The concept of the rule of law is that the law applies to everyone equally.


The rule of law includes that:


  • The people (including the government) should be ruled by the law and obey it;
  • The law should be such that the people should be able and willing to be guided by it.


In its simplest form it means that no one is 'above the law'. It is the foundation for the development of peaceful, equitable and prosperous societies.


Key principles that underpin the rule of law are:


  • Fairness: it is fair that in the legal system, the law applies to everyone, government and citizen.
  • Rationality: laws need to be rational. It is against the rule of law to create a law that cannot be followed.
  • Predictability: the laws that an individual must abide by are known along with what the likely outcome is if these laws are broken.
  • Consistency: Not only does the law apply to everyone, it applies to everyone in the same way.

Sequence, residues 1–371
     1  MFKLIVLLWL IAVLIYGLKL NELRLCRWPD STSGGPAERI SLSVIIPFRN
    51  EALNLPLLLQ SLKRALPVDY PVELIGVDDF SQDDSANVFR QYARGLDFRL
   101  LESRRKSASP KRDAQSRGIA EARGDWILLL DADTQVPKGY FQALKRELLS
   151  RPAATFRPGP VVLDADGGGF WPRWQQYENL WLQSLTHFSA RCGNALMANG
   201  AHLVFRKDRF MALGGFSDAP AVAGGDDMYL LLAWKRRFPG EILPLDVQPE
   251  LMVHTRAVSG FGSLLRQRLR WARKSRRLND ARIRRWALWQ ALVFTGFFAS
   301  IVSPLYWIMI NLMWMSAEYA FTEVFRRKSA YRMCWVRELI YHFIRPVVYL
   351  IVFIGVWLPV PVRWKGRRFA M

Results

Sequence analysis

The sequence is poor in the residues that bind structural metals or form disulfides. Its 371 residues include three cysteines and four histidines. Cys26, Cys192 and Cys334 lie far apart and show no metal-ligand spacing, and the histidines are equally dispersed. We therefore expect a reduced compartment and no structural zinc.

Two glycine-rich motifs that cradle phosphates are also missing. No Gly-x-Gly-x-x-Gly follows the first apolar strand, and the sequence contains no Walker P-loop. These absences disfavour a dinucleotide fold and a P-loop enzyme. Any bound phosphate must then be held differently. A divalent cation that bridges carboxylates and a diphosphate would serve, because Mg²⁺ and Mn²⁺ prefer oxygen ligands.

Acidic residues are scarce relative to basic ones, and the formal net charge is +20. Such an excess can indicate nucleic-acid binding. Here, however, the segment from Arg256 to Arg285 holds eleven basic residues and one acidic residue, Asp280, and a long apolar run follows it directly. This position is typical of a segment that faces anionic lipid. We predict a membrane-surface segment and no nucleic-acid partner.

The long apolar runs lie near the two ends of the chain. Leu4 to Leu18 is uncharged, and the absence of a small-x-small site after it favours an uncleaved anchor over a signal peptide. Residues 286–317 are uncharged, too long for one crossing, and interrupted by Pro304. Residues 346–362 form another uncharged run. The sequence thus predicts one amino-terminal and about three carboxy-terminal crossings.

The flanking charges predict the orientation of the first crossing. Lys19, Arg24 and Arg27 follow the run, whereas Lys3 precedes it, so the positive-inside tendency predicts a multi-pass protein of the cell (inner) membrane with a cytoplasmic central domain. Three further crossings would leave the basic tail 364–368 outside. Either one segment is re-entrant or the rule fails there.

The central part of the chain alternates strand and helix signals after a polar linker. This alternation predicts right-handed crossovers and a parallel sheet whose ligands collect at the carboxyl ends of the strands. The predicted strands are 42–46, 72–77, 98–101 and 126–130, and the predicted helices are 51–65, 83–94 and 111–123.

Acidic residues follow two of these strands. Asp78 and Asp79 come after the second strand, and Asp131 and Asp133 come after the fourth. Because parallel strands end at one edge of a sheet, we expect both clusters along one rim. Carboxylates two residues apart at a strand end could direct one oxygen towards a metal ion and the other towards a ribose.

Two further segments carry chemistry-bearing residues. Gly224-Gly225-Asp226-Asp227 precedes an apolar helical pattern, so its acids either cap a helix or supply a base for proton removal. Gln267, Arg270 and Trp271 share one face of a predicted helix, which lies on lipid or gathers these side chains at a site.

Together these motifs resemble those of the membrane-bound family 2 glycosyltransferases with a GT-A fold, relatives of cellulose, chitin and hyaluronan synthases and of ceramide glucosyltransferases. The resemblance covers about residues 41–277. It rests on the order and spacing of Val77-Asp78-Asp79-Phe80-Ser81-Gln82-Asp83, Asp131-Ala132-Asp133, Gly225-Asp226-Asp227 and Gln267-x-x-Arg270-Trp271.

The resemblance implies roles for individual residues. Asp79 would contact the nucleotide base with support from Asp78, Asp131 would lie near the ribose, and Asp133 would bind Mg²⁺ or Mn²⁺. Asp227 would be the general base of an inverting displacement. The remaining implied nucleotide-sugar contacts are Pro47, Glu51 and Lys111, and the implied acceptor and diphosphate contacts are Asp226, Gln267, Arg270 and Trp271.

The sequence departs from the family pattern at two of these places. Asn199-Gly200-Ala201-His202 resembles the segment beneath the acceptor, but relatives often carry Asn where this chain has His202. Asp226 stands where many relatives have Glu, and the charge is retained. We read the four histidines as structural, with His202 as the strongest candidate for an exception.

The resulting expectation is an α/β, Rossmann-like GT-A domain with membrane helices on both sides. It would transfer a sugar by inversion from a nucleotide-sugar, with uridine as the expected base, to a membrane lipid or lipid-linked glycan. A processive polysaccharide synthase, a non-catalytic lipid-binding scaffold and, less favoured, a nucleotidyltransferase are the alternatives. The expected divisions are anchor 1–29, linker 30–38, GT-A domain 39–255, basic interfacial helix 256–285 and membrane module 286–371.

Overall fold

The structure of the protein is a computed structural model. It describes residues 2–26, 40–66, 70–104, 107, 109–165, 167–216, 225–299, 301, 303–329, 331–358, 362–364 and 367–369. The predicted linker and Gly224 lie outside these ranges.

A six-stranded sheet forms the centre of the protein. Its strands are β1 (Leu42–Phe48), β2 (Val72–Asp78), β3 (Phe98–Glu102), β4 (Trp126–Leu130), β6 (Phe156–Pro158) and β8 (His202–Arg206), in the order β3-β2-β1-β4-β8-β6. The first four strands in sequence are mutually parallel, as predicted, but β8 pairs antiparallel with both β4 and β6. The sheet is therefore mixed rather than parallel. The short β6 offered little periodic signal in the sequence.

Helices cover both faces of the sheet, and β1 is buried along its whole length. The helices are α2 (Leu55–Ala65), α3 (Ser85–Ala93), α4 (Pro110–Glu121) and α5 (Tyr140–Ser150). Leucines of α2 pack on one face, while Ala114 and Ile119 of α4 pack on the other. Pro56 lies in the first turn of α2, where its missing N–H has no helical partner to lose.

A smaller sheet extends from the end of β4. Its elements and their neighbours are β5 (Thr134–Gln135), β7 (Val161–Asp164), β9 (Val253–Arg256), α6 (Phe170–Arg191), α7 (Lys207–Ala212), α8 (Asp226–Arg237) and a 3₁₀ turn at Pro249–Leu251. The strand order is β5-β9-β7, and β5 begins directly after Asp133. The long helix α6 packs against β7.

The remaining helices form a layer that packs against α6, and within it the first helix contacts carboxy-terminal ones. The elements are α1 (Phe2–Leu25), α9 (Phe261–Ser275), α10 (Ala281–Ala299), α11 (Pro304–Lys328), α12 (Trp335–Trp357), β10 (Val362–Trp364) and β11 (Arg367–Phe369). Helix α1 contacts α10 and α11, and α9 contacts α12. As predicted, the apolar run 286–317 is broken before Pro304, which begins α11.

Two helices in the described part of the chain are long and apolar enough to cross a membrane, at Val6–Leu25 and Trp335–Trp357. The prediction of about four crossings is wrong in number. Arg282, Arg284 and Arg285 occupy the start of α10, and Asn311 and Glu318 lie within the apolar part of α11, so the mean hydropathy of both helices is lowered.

• Impartiality: an impartial judiciary must be separated from the other arms of government (the legislature and the executive) so that judges can make decisions based on the merits of the case before them without pressure or negative repercussions from the government.


The rule of law provides a valid basis for fundamental human rights including the right to life and the right to liberty and security.


Source: The Rule of Law Institute of Australia


The information in this article has been taken from several reliable sources but does not necessarily reflect the views of UBT.  No short article can cover a topic completely; it is not intended that you should rely on this information for business decisions.